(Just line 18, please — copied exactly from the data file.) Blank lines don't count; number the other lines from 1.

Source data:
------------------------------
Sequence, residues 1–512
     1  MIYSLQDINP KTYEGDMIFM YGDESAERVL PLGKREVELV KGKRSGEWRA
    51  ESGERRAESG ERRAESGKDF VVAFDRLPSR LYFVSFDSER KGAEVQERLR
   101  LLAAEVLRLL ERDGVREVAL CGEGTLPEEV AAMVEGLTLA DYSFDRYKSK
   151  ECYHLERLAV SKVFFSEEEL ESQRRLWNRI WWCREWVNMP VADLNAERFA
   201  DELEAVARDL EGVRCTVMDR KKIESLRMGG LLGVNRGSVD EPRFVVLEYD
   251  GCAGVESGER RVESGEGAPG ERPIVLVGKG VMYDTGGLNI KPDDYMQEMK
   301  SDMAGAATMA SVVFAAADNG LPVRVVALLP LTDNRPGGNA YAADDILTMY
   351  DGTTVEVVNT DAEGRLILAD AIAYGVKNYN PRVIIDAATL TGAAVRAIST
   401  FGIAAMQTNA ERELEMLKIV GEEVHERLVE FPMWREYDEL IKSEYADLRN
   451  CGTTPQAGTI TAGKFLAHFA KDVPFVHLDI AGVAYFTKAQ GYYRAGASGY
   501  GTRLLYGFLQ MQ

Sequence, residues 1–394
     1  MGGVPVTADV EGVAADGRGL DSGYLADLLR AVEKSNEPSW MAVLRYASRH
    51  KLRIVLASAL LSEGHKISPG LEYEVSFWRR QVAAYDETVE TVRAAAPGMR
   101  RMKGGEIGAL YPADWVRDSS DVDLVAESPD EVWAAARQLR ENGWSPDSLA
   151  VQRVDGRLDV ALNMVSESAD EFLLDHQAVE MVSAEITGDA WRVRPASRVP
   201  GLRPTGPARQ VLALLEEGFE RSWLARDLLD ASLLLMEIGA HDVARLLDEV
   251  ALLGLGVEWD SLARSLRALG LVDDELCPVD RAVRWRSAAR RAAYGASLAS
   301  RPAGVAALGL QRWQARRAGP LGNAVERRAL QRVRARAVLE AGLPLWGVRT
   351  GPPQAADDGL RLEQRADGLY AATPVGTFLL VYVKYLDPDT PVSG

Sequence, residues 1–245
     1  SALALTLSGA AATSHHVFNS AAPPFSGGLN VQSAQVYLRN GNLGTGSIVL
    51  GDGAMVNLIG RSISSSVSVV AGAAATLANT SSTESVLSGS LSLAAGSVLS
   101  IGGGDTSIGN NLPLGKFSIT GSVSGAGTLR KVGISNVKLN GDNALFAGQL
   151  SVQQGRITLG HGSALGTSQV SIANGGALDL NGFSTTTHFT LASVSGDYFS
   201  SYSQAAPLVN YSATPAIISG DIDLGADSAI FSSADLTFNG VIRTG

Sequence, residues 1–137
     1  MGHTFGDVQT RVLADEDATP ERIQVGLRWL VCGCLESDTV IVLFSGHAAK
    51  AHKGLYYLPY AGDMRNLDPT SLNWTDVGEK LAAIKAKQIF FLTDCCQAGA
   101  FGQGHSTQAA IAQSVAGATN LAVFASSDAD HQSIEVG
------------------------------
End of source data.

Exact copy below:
   201  GLRPTGPARQ VLALLEEGFE RSWLARDLLD ASLLLMEIGA HDVARLLDEV